Page views, clicks, conversions—they’re harder to track today than ever before despite the fact that brand marketers have more tools to do so. The problem is the fragmented brand experience that happens as consumers interact with branded content and communications across multiple devices in a single day, a single hour, and even in a single minute.
Consumer behavior has changed so much in the past few years with the maturation of the mobile device market. Today, consumers spend more time using their mobile devices than they spend watching television or using a computer. Not only do brand marketers have to connect with consumers based on the media channels they prefer and the specific types of content they consume, but brands also have to connect with them on specific devices.
The user experience on one device should rarely be the same as it is on another device. That means brand marketers have to develop more content than ever. Consumers demand personalization and user experiences that fit the media channel and the device. Once that content has been distributed and consumed, brand marketers still have to measure the ROI of their campaigns and efforts.
It wasn’t long ago that getting accurate metrics for online, social, and mobile audiences was challenging. Today, brand marketers have access to a massive amount of data, but the accuracy of that data leaves a lot to be desired. Not only are brand marketers challenged by distorted online advertising metrics due to traffic and click fraud, they’re also fighting against the overall degradation of data and the growing problems related to multi-screen consumers.
Today’s consumers have very fragmented experiences with brands. They’ll visit a brand website, interact with brand content, and see brand communications and ads from their work computers, home computers, smartphones, and tablets. How can brand marketers identify a single consumer who visits through these various devices using different IP addresses and in different locations as the same visitor? They can’t. Instead, the number of unique visitors is artificially inflated.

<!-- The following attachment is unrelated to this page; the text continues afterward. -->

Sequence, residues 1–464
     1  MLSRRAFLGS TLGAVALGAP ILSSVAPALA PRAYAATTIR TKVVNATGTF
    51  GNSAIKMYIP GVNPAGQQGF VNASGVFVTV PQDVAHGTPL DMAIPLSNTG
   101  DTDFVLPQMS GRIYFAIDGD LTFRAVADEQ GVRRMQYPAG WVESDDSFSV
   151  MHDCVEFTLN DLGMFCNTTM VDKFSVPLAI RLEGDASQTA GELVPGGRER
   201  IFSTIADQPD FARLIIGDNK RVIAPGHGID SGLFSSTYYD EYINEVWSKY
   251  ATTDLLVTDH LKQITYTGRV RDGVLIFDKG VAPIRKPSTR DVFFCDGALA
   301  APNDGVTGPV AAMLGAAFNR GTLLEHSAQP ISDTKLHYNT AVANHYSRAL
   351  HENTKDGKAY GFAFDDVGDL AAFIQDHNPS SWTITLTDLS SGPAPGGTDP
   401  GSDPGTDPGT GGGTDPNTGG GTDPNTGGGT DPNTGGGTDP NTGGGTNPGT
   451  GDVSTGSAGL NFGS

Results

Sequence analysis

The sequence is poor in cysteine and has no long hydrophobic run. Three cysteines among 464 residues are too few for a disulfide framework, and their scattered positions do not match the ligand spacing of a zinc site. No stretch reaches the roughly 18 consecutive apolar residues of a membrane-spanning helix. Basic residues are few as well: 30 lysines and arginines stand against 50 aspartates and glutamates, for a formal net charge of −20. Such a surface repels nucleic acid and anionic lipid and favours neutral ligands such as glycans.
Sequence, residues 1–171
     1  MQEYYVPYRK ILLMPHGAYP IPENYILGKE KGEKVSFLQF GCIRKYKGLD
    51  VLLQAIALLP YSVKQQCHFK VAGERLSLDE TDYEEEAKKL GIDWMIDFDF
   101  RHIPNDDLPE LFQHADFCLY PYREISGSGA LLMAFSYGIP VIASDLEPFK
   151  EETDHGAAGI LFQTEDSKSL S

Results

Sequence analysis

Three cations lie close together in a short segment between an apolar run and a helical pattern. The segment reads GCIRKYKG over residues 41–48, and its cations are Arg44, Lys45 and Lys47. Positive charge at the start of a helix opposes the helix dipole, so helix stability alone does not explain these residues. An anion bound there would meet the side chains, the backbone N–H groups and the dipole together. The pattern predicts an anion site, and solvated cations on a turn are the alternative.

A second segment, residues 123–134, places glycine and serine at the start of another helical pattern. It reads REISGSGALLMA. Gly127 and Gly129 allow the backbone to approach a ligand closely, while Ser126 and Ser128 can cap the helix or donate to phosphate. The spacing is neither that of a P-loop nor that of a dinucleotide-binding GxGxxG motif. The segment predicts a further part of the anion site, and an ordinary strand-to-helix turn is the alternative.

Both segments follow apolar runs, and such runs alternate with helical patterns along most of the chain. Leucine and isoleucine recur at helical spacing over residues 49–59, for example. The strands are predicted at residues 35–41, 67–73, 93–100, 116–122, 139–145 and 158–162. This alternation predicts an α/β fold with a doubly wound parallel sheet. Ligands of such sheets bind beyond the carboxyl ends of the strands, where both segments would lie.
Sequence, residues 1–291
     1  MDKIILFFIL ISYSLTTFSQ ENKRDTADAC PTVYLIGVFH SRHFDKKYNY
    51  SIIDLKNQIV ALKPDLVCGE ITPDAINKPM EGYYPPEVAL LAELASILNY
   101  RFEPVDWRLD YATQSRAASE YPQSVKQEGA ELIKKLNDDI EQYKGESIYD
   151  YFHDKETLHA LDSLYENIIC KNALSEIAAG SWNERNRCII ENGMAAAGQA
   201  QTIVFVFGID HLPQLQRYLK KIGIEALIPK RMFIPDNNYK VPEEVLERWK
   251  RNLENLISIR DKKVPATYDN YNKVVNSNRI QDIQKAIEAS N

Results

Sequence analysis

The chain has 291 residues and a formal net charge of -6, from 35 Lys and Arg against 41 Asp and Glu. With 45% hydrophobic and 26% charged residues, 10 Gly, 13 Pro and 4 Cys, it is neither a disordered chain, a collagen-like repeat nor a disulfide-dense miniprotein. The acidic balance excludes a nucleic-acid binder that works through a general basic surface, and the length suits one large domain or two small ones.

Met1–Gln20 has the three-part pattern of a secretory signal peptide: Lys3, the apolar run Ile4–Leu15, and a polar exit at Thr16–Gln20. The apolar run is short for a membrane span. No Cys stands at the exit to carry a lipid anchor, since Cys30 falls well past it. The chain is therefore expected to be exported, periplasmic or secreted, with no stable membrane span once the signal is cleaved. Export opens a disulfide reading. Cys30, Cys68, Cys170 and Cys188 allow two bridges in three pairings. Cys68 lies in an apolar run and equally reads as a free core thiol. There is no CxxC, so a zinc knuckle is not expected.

Similarly, brand marketers cannot accurately track conversions. How did a customer originally learn about a brand offer? It’s not necessarily from the link they followed to land on the brand’s offer page where conversions are tracked. They could have learned about the brand offer when they were using their smartphone and later visited the site from their home computer where they clicked on the link or took the action that put them on the “conversion” list. Brands are missing a huge piece of the buyer journey. As a result, future marketing campaigns could be created that rely on available data rather than “real” data, and those marketing campaigns will deliver poor results.
In short, brand marketers are tasked with delivering metrics, but until accurate metrics are available, particularly metrics that account for fragmented brand experiences across multiple devices, the struggle to calculate ROI continues.
What do you think? Leave a comment and share your thoughts.
Image: Miguel Ugalde
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